The strategy is paying off in Rutland, authorities said.

Since fiscal 2013, crimes linked to drug use have dropped dramatically. Burglaries are down 53 percent; larceny and theft from motor vehicles, 31 percent; disorderly conduct, 37 percent; and vandalism, 49 percent.

Ian Thomas Jansen-Lonnquist for The Boston Globe
Private businesses have helped restore Rutland’s neighborhoods. Above: a restored vintage train car in a once-troubled area.

“People are beginning to speak out. Before, they were scared,” said the Rev. Hannah Rogers, pastor of Rutland United Methodist Church.

The road to hope also is being paved at a downtown drug clinic, which opened in 2013 and now provides treatment to more than 400 people. And it’s being built nail by nail in the Northwest neighborhood, where private investors are renovating crumbling and abandoned homes.

Authorities here shrug their shoulders when asked why Rutland became a regional hub for heroin. Kennedy said the choice of Rutland might simply be an accident that, through word of mouth, shifted into a crisis.

“Brooklyn dealers came up and off-loaded their product, and people from other neighborhoods started going into the neighborhoods where heroin was being sold. Then, others from the outside came in,” Kennedy said.

Although Rutland is seeing positive signs, opioid addiction might take generations to curb in a city where the menacing and the mundane are close together. On one block, Prouty, the police sergeant, pointed to a school, a church, a doctor’s office, and a den of drugs and prostitution.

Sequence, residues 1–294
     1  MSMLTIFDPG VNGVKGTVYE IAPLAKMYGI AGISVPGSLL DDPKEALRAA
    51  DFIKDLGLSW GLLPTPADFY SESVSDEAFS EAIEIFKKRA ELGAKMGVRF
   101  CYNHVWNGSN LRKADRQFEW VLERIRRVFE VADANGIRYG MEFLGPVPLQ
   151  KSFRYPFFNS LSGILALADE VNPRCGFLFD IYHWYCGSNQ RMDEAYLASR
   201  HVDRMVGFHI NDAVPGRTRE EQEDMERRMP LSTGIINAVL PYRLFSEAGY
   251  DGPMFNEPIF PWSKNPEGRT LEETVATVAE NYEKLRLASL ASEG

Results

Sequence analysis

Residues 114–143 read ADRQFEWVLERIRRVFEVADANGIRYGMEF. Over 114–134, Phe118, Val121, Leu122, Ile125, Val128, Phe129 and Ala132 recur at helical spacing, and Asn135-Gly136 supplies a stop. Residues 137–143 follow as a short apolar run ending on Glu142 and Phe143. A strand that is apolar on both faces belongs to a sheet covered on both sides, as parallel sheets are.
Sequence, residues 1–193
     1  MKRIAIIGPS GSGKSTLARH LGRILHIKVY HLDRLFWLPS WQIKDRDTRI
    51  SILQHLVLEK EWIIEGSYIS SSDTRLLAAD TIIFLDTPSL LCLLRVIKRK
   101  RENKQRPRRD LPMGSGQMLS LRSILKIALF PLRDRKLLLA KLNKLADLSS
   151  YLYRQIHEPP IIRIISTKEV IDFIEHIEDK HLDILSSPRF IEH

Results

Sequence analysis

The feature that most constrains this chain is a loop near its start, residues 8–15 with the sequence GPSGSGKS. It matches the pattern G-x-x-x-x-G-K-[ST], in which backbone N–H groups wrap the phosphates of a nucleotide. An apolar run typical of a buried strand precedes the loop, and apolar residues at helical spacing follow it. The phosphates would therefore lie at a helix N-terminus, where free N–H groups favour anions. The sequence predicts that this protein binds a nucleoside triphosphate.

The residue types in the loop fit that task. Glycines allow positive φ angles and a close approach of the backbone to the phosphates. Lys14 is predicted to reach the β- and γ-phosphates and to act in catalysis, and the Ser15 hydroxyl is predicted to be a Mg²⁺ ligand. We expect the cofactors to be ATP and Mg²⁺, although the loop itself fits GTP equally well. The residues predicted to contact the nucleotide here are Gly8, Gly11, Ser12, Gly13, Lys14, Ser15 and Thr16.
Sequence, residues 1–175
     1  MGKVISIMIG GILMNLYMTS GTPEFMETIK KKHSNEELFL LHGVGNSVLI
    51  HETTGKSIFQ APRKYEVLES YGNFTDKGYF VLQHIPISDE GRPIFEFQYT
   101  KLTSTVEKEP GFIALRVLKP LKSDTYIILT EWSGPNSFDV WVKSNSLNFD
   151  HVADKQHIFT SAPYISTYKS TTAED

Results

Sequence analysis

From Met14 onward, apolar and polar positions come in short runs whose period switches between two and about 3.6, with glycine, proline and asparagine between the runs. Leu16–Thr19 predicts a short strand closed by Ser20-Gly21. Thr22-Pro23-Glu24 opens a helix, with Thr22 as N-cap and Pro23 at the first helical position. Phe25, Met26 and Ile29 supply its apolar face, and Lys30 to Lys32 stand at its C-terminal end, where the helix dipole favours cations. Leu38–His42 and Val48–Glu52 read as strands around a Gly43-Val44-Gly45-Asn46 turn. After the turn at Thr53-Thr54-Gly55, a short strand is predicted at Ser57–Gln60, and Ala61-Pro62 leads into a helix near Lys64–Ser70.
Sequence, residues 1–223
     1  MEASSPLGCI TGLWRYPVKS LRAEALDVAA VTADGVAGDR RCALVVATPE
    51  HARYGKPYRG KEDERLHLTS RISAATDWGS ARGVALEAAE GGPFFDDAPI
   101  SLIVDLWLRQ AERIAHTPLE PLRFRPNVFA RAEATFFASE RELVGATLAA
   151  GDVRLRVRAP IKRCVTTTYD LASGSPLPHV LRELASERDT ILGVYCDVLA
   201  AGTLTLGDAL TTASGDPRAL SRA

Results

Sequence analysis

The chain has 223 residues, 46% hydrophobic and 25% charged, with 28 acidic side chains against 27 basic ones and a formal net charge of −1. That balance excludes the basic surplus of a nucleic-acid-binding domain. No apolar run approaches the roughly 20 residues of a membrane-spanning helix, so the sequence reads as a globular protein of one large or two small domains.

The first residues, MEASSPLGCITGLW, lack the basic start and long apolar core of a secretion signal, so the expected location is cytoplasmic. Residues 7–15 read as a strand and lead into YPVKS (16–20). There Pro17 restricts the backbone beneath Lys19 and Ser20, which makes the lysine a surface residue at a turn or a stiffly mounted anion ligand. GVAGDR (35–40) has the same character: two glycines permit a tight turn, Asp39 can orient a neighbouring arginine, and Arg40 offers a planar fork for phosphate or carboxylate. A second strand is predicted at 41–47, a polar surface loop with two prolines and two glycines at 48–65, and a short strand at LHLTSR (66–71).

“I bet you there is not one family in this whole county who does not have somebody who has an addiction issue” with drugs or alcohol, said Tracie Hauck, director of the Turning Point Center of Rutland, which offers counseling and drug-prevention services.

Still, Rutland officials say they have found something in their mix of collaboration and pinpoint policing.

“There’s violent people out there, and there are people creating chaos out there, and those people need to spend time in jail,” said Tucker, the police commander. “But there are also those who have created a mess out of their lives and deserve a second chance.”

One of four houses in Northwest Rutland that has a civil forfeiture lawsuit filed against it.
Ian Thomas Jansen-Lonnquist for The Boston Globe
One of four houses in Northwest Rutland that has a civil forfeiture lawsuit filed against it.

Brian MacQuarrie can be reached at brian.macquarrie@globe.com.